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Archive for the ‘food’ Category

Short Eats Olympics

Thursday, August 14th, 2008

In the spirit of the Olympic games, we’ve compiled the following list of some of our favorite “short eats” – meals for travelers on the go – and awarded medals to those that rank in the top three.

We were in our usual rush.  With only one day in Kandy, the small mountain city at the base of Sri Lanka’s tea country, we had ambitions to cover a lot of ground: a visit to the area’s most heralded tea plantation two hours away, a tour of the Buddhist temple here which houses Sri Lanka’s most famous relic, the Buddha’s tooth, and some exploration of the busy streets of downtown Kandy, that swirl around the oddly-located local prison (or “free hotel” as our cab driver calls it) in the town center.

Sadly, as is sometimes the case with determined travelers, we neglected to allot any time for perhaps the most important and yet occasionally overlooked aspect of traveling: eating.untitled-1.jpg Lucky for us, Sri Lanka is home to a phenomenon called “short eats,” their answer to the American burger and fries off the rack. Sri Lanka’s short eats shops, a nice compliment to the country’s already terrific formal sit-down restaurants, usually feature an assortment of stuffed pastries such as the patty, a triangular dumpling filled with curried potatoes, vegetables or fish. Also available are baked sweetbread buns sprinkled with sugar, a remnant from Portuguese colonization. (more…)

Running for curry

Sunday, May 25th, 2008

005.jpgFLORENCE, Italy – Fifteen minutes – that’s all there was.

An outsider would surely see this as a ridiculous proposition: being a minute late meant a missed train to Italy’s culinary capital Bologna. But on the inside of those minutes to spare was a chance to satisfy a long-standing craving: a nice, spicy curry.

Despite the long list of stunning tastes and meals that we’ve been lucky to try, nothing ever hits the spot for me like a good meal of rice and curry – typical meals from my home country of Sri Lanka.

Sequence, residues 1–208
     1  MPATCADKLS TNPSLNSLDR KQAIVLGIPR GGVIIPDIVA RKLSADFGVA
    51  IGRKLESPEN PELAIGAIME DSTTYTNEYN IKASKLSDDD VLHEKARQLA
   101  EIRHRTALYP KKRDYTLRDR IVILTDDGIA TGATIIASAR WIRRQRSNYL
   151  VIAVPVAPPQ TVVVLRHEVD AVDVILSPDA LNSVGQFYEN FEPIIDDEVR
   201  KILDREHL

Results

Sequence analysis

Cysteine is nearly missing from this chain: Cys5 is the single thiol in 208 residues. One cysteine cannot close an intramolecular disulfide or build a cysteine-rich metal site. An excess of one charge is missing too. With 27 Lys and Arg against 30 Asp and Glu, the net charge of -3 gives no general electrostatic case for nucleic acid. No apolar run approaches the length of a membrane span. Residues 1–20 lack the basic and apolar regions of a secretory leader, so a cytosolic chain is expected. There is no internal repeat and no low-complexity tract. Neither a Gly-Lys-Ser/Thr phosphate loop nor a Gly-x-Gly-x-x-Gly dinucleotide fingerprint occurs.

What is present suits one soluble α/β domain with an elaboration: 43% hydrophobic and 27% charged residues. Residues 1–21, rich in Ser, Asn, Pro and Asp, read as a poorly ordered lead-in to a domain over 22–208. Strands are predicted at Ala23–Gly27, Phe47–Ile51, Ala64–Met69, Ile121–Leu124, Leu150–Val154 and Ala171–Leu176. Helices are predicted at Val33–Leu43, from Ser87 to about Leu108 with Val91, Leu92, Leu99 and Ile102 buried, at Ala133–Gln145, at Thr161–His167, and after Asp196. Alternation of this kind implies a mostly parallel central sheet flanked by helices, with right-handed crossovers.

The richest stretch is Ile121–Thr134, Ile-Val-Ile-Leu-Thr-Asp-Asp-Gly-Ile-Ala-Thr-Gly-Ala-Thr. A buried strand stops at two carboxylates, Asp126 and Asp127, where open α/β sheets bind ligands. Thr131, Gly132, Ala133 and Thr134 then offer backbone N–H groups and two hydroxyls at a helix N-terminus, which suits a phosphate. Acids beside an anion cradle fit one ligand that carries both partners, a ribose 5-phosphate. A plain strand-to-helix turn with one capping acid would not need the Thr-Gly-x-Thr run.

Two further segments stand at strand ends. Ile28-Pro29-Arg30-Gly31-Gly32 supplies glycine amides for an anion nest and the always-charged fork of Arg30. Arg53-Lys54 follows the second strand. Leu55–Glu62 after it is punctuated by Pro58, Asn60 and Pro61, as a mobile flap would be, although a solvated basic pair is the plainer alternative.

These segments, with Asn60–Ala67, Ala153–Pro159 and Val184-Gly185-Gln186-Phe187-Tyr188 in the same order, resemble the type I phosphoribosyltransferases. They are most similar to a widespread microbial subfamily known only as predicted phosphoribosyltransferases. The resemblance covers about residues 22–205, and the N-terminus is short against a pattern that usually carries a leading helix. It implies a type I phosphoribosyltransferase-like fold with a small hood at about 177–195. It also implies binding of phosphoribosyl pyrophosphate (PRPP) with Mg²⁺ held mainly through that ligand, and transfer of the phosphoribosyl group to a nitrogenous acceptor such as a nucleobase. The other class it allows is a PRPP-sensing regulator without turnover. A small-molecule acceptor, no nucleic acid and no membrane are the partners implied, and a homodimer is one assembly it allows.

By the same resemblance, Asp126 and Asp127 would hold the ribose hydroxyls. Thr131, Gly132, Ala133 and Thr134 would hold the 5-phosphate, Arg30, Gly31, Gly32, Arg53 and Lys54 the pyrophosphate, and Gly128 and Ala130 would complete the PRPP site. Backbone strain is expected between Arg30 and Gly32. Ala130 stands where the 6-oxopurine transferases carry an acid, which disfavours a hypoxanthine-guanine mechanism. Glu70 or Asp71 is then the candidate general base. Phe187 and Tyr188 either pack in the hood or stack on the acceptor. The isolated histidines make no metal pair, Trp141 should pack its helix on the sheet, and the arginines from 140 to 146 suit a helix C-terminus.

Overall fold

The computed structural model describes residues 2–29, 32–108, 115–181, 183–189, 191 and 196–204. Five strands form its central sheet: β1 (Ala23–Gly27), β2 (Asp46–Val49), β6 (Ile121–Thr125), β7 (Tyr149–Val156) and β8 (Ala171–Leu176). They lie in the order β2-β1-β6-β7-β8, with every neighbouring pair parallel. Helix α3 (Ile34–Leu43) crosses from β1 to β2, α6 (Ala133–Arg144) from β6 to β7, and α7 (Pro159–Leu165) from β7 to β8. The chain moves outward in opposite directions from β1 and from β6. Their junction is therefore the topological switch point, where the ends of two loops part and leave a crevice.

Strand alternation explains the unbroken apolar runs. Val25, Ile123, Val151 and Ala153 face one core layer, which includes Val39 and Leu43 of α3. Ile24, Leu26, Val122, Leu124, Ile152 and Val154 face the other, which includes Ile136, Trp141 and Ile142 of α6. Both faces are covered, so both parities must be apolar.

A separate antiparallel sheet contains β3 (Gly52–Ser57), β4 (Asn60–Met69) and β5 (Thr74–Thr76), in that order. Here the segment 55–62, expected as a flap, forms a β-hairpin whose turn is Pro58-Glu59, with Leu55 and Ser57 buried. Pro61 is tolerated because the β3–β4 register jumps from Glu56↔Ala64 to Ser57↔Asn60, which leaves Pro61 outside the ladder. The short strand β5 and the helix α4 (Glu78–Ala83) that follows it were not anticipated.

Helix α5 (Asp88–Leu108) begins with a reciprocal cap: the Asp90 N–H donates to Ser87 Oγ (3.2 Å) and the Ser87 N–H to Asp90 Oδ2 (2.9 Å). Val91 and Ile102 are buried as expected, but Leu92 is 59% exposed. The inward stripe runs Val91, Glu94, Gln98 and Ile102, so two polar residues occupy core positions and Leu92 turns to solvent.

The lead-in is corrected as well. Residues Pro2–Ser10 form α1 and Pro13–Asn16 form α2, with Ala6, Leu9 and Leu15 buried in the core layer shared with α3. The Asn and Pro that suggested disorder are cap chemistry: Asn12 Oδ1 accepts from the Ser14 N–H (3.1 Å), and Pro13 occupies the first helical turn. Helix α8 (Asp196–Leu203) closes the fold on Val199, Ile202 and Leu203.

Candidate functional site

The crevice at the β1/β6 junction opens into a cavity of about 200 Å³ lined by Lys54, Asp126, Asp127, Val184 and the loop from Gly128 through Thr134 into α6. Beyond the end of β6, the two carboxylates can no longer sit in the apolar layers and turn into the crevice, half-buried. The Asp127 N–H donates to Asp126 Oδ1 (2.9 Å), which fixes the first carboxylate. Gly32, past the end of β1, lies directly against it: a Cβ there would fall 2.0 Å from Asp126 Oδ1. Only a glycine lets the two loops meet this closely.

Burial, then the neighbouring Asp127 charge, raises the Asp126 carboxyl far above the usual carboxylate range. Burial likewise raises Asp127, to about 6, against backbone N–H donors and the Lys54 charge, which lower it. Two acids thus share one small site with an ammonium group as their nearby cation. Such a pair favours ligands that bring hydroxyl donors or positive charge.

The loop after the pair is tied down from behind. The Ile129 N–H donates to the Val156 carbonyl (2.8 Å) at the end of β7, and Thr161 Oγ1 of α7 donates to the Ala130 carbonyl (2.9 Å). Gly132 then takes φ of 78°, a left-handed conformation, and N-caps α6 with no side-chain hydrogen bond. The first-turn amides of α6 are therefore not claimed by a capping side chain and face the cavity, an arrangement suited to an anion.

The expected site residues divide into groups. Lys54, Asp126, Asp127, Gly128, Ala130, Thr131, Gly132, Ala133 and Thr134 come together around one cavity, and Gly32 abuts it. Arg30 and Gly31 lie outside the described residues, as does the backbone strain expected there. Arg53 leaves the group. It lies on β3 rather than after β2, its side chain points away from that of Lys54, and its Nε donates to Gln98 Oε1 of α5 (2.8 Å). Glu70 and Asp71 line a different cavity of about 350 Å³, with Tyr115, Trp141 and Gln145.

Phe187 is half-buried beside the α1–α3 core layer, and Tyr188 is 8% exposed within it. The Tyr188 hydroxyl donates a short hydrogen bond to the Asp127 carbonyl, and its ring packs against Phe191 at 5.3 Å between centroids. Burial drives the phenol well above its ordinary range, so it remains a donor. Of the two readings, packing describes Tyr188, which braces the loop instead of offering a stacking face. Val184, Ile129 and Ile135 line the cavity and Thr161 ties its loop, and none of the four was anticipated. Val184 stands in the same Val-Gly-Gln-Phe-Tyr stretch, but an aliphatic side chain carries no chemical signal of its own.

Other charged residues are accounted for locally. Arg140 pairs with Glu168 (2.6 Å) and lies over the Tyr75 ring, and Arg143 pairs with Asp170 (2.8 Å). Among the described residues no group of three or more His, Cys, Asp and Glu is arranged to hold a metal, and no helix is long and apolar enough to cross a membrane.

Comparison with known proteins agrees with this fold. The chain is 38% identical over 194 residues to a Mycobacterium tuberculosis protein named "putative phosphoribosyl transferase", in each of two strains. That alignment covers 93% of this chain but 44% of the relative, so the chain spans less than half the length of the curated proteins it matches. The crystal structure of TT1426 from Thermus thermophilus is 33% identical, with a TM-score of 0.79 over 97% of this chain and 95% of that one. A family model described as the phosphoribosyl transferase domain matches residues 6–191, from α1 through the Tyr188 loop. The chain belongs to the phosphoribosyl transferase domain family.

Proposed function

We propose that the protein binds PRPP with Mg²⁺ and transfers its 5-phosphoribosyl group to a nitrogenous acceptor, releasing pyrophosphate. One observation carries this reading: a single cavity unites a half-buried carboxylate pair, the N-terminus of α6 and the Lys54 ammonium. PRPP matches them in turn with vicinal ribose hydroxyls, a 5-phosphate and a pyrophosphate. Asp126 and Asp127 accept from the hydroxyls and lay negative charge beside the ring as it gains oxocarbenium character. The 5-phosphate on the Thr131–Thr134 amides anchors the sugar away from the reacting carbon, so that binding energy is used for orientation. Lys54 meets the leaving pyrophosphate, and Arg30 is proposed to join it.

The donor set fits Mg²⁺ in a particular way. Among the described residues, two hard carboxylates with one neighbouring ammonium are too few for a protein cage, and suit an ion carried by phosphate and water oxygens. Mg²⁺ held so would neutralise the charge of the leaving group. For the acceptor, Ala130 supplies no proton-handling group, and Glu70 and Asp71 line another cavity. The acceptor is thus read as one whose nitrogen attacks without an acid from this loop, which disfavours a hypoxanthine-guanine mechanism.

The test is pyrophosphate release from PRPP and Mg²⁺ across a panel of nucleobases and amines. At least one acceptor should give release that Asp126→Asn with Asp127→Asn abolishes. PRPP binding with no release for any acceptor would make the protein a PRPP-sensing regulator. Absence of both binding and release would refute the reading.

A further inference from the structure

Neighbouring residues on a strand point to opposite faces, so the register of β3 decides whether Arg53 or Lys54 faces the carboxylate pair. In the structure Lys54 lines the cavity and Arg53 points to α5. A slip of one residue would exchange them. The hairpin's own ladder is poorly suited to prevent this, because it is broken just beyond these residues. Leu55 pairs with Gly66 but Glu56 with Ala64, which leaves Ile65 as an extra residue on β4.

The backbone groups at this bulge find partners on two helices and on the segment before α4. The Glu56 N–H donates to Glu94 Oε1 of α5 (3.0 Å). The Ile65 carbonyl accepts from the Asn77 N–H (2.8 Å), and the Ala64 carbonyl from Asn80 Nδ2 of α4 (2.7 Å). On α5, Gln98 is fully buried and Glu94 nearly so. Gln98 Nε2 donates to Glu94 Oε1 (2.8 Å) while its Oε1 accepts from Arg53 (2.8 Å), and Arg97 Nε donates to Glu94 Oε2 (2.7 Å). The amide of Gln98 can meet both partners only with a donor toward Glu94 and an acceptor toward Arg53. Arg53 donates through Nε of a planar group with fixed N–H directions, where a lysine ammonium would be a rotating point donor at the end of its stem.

Fine and delicate food was good, but real food, my parents taught me, should be an assault on your tastes buds: the spicier the better.

And that’s why I was running.

An amusing crossing of cultures, Bengalis, Bangladeshi and Sri Lankans have managed to make a sizeable community in Italy’s major cities. Just three years before, I heard my native tongue Sinhalese spoken on the streets of Florence, Italy. A mental note stuck in my head – next time you’re there – ask around. (more…)

Fish and chips and football

Sunday, March 23rd, 2008

Sunday in England means football…of the British variety. We headed to a local pub to catch London’s bitter rivals Chelsea and Arsenal square off in a heated match. While we were at it we got to taste the UK’s most famous culinary export: fish and chips. The entire experience was…delightful. Check out the photos here…

A brief taste of home

Sunday, March 16th, 2008

There’s nothing like a weekend with the family before heading off to London for the second leg of the trip. Despite the many items on the to do list, we managed to relax for a day, get in some comfort foods, and visit some of the places that make where we are from unique. For photos of the crew back in their natural habitat, click here…

Sipping on Caipirinhas

Friday, March 7th, 2008

Amazingly, it took three weeks for us to try one of Brazil’s most famous mixed drinks, the “caipirinha.” Its sweet and strong, but there’s more to it than just that. See how its made in today’s photo gallery…

Ode to açai

Thursday, March 6th, 2008


To say we merely like açai would be an understatement: we’re addicted to it. This cool treat, unique only to Brazil comes from a fruit from palms in the Amazon, and tastes so good, we had to see how it was made. Get your fix in today’s photo gallery.